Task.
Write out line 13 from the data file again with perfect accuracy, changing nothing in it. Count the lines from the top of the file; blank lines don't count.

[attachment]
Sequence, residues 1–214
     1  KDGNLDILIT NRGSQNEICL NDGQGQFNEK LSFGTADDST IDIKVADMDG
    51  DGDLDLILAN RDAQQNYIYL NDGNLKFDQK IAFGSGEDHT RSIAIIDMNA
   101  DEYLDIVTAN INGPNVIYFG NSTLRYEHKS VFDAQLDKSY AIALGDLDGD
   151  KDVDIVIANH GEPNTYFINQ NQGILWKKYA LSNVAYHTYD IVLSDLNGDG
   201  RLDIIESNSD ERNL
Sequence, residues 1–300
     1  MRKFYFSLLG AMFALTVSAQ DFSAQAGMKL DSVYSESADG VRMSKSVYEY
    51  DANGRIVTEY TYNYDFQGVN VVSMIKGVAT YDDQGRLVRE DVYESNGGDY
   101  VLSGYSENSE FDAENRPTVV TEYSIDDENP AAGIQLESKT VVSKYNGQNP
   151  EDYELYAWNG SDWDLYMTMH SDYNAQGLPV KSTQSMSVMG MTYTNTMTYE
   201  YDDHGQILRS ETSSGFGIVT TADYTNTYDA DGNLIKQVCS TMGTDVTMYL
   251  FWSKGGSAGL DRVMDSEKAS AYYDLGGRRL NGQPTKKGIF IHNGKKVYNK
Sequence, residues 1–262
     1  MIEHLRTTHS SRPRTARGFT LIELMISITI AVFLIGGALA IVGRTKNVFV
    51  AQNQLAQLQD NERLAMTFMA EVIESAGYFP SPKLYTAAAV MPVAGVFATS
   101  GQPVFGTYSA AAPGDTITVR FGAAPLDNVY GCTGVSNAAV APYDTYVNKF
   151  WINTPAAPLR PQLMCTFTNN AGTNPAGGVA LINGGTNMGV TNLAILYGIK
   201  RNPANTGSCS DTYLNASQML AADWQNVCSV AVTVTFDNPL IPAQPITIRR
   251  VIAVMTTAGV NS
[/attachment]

   251  FWSKGGSAGL DRVMDSEKAS AYYDLGGRRL NGQPTKKGIF IHNGKKVYNK